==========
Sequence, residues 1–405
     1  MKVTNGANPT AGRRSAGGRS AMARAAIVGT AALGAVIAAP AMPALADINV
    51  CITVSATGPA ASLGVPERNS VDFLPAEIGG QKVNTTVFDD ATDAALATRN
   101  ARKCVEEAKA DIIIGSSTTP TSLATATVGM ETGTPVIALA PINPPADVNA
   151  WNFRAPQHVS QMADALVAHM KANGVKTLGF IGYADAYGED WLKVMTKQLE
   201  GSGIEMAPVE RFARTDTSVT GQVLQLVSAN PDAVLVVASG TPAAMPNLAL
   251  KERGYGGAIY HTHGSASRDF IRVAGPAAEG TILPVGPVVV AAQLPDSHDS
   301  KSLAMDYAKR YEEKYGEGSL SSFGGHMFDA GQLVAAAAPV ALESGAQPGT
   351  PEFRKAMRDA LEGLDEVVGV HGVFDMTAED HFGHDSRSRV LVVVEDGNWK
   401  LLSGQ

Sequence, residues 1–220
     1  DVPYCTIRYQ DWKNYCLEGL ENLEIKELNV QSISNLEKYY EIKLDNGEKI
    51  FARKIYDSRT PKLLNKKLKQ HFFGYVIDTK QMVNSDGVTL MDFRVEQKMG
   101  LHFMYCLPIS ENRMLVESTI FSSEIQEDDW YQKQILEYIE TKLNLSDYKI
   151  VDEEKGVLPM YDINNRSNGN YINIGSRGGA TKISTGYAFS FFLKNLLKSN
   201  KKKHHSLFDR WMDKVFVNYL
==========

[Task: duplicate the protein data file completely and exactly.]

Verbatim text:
Sequence, residues 1–405
     1  MKVTNGANPT AGRRSAGGRS AMARAAIVGT AALGAVIAAP AMPALADINV
    51  CITVSATGPA ASLGVPERNS VDFLPAEIGG QKVNTTVFDD ATDAALATRN
   101  ARKCVEEAKA DIIIGSSTTP TSLATATVGM ETGTPVIALA PINPPADVNA
   151  WNFRAPQHVS QMADALVAHM KANGVKTLGF IGYADAYGED WLKVMTKQLE
   201  GSGIEMAPVE RFARTDTSVT GQVLQLVSAN PDAVLVVASG TPAAMPNLAL
   251  KERGYGGAIY HTHGSASRDF IRVAGPAAEG TILPVGPVVV AAQLPDSHDS
   301  KSLAMDYAKR YEEKYGEGSL SSFGGHMFDA GQLVAAAAPV ALESGAQPGT
   351  PEFRKAMRDA LEGLDEVVGV HGVFDMTAED HFGHDSRSRV LVVVEDGNWK
   401  LLSGQ

Sequence, residues 1–220
     1  DVPYCTIRYQ DWKNYCLEGL ENLEIKELNV QSISNLEKYY EIKLDNGEKI
    51  FARKIYDSRT PKLLNKKLKQ HFFGYVIDTK QMVNSDGVTL MDFRVEQKMG
   101  LHFMYCLPIS ENRMLVESTI FSSEIQEDDW YQKQILEYIE TKLNLSDYKI
   151  VDEEKGVLPM YDINNRSNGN YINIGSRGGA TKISTGYAFS FFLKNLLKSN
   201  KKKHHSLFDR WMDKVFVNYL